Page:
It’s about showing customers and would-be customers that they are the answer to problems they want to fix. Why? Not because your product is great. Not because your solution is super.
But because they are the Hero of their life.
You’re just here to guide them and give them tools. Good Lord are you there to give them the tools:
You’ve heard a lot about storytelling and copywriting, marketing and branding.
They’re indelibly intertwined. Now I’m going to show you:|5b3207172df5a5fb3e8724221e078099|
You want to turn your visitor, reader, subscriber or customer into a hero for this reason: When it’s time for you to throw down the gauntlet and challenge them to take action, they will be in the position to take one fearless step closer to converting into a customer.
But what does your-customer-as-hero look like?
When we think of a Hero, often the first picture that comes to mind is this or something like this:
The hero we’re fed is someone who puts herself in harm’s way on behalf of another person or worthy cause.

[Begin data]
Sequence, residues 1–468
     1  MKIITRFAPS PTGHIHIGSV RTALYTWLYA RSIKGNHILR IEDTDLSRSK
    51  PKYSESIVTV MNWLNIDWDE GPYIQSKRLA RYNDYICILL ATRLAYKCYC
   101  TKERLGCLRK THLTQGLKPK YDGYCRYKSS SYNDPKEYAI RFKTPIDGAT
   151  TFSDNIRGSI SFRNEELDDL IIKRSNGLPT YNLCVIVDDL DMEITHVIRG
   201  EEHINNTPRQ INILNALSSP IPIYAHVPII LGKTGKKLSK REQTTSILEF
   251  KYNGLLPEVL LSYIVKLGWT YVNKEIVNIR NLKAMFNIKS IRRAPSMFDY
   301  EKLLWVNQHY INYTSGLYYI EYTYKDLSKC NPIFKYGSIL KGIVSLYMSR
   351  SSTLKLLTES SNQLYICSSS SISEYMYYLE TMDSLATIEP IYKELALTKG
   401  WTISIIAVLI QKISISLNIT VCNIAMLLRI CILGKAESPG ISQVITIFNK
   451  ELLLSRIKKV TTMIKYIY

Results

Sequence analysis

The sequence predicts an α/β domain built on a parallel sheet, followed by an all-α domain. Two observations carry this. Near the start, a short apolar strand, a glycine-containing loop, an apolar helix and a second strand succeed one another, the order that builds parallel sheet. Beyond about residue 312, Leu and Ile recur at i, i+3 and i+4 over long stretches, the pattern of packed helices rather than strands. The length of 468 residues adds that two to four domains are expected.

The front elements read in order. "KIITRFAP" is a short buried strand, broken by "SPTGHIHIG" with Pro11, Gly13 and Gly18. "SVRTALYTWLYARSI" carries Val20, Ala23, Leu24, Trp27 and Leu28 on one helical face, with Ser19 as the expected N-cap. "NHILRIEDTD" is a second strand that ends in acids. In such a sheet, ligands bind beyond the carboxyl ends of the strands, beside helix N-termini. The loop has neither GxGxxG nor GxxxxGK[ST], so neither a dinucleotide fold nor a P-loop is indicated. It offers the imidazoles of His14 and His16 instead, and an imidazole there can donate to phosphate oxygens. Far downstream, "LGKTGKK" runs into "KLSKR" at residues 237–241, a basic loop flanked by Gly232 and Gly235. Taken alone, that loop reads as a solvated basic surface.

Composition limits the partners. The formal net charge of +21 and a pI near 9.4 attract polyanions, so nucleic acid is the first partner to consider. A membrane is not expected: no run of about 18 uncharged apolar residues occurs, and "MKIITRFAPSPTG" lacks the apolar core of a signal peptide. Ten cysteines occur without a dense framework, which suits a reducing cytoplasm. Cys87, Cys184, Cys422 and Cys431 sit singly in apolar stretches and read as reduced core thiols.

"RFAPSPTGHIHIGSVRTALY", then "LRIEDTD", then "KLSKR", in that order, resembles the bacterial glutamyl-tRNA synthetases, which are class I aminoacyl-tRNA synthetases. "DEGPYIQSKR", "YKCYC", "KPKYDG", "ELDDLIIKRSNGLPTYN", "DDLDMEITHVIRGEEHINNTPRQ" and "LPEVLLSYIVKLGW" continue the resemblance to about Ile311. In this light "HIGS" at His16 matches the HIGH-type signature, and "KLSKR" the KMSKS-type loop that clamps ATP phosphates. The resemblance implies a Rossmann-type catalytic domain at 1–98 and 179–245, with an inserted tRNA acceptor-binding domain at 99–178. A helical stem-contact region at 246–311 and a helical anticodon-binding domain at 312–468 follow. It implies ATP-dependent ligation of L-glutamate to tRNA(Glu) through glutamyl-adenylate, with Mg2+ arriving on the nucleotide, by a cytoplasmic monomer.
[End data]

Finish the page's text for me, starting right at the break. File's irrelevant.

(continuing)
Why doesn’t that feel right when we’re talking about our customers?
After all, they’re not putting themselves in harm’s way when they save 15% on car insurance with you. They’re probably not acting for the greater good when they buy your Big Kahuna Burger.
And, well, they’re not gonna shimmy into some skintight unitard and swing around tall buildings. People don’t do that. Not a single person marching in protest does so in a unitard. That’s not what heroes look like.
Here’s what’s wrong with the image above, other than the fact that she must be missing a few ribs: |6d8357b2c6f69188aec798dd744c4df1|
What happens leading up to the heroic moment is just as important in the making of a Hero as the rescue. The whole hero’s journey. The path there. THAT’S where your customer lives his or her quiet life. So here’s a big takeaway. Before you can turn your prospect or visitor into a hero, you need to know two things about them:|ec8351b65fed087cef050b51b8f69e68|
Know your customer’s origin story and defining moment to begin the process of moving them toward Hero status.
“The usual hero adventure begins with someone from whom something has been taken, or who feels there is something lacking in the normal experience available or permitted to the members of society. The person then takes off on a series of adventures beyond the ordinary, either to recover what has been lost or to discover some life-giving elixir. It’s usually a cycle, a coming and a returning.”